Hello, I can’t have any actual sugars in my diet. So when your label at the end says 1 sugar etc is that for the “fake” sweeteners in each recipe? Or real sugars? I can have ones like Splenda, truvia, etc. It’s only so specific for me because it’s to keep all sugar away and control my seizures. These desserts sound amazing and seem to fit my diet till the sugar part on the label.
When in the hospital, glucose levels are checked several times daily and the patient is monitored for signs of symptomatic ketosis (which can be treated with a small quantity of orange juice). Lack of energy and lethargy are common, but disappear within two weeks. The parents attend classes over the first three full days, which cover nutrition, managing the diet, preparing meals, avoiding sugar, and handling illness. The level of parental education and commitment required is higher than with medication.
A ketogenic diet could be an interesting alternative to treat certain conditions, and may accelerate weight loss. But it is hard to follow and it can be heavy on red meat and other fatty, processed, and salty foods that are notoriously unhealthy. We also do not know much about its long-term effects, probably because it’s so hard to stick with that people can’t eat this way for a long time. It is also important to remember that “yo-yo diets” that lead to rapid weight loss fluctuation are associated with increased mortality. Instead of engaging in the next popular diet that would last only a few weeks to months (for most people that includes a ketogenic diet), try to embrace change that is sustainable over the long term. A balanced, unprocessed diet, rich in very colorful fruits and vegetables, lean meats, fish, whole grains, nuts, seeds, olive oil, and lots of water seems to have the best evidence for a long, healthier, vibrant life.
Hi Woody, Yeast works by consuming sugar (either added sugar or sugar in wheat flour), so it would not work with these ingredients. You could try adding some yeast *and* some sugar (knowing that the yeast would consume most of it), but I haven’t experimented with that. Aside from that, mixing the batter well can help create more air bubbles, and make sure you are using fresh baking powder.
This is the best! I’m really bad at baking but I have made this twice and both times it was perfect. I’ve shared it with all my gluten intolerant friends, thank you. Oh, I reduced the psyllium husk to an eighth and replaced the other eighth with gluten free flour. It made it less gritty. Yummy! Today I’m going to add some spices and sultanas for a sweet treat. Hope it works!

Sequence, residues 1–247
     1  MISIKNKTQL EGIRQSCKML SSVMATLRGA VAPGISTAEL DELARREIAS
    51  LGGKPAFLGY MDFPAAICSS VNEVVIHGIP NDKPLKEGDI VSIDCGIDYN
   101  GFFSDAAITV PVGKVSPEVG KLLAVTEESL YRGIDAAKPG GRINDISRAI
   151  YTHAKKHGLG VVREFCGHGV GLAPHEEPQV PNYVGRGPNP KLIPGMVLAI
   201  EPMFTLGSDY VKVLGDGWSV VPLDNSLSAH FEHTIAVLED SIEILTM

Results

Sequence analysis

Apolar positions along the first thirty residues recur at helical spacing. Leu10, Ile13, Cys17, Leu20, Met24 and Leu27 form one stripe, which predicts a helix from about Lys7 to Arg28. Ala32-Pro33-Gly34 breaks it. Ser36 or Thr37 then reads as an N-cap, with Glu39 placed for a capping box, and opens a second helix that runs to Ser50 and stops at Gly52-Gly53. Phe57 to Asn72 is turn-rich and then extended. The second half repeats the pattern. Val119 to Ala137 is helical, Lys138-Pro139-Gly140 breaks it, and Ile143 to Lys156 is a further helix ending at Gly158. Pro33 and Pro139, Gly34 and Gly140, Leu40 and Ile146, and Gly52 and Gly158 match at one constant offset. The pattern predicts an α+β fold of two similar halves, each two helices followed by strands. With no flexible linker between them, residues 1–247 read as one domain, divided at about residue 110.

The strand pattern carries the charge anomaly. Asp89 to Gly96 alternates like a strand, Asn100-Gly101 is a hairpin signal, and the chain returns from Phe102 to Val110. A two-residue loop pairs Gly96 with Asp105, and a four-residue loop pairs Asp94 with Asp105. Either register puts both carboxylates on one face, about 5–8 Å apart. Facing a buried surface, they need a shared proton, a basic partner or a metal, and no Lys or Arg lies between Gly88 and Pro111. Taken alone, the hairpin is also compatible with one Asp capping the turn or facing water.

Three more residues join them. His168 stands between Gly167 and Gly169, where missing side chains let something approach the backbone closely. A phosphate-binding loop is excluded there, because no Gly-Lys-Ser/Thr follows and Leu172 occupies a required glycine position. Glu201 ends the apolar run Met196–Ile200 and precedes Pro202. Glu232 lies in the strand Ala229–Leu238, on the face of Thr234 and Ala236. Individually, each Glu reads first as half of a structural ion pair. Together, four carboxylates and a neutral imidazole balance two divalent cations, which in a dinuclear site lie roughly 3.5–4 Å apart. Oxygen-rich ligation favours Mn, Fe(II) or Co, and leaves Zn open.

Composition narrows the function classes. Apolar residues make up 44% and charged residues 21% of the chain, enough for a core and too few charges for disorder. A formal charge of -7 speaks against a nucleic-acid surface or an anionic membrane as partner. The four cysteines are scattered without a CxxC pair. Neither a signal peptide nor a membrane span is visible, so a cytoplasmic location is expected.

If you want something that feels a little more indulgent, you can recreate gnocchi with just two ingredients: egg yolk and shredded mozzarella. In fact, as the Primitive Palate discovered when creating the recipe, while it’s a little more time consuming (you’ll need about a half hour from start to finish) making gnocchi this way is considerably easier than the traditional method.
WY conceived, designed, and coordinated the study; participated in data collection; performed statistical analysis; and drafted the manuscript. MF assisted with study design, performed data collection, and helped to draft the manuscript. AC analyzed the food records. MV assisted with study/intervention design and safety monitoring. EW participated in the conception and design of the study, and assisted with the statistical analysis. All authors read and approved the final manuscript.
Regrettably I was one of those who couldn’t get the recipe to work. My baking sheets weren’t perfectly flat so it was a real mess, the batter separated on the silpat and I couldn’t get the thing to set. This morning I had an idea and it worked perfectly- I cooked the batter in a non-stick frying pan with a kiss of EVOO like a crepe! Worked like a charm. Made your alfredo sauce with some chopped spinach, simmered the noodles in the sauce a few minutes and served it with a crispy pork roast. What a treat! Thank you so much, I’ll use this recipe again and again.
While there are many different types of pasta today, the classic cooked, unenriched traditional pasta is about 30 grams of carbohydrates per 100 grams. That’s your entire daily carbohydrate intake on the ketogenic diet, if you’re lucky. After that comes a minuscule 0.9 grams of fat, about 6 grams of protein and minimal micronutrients. Even whole wheat pasta, advertised as a health food, contains 37 grams of total carbohydrates[*].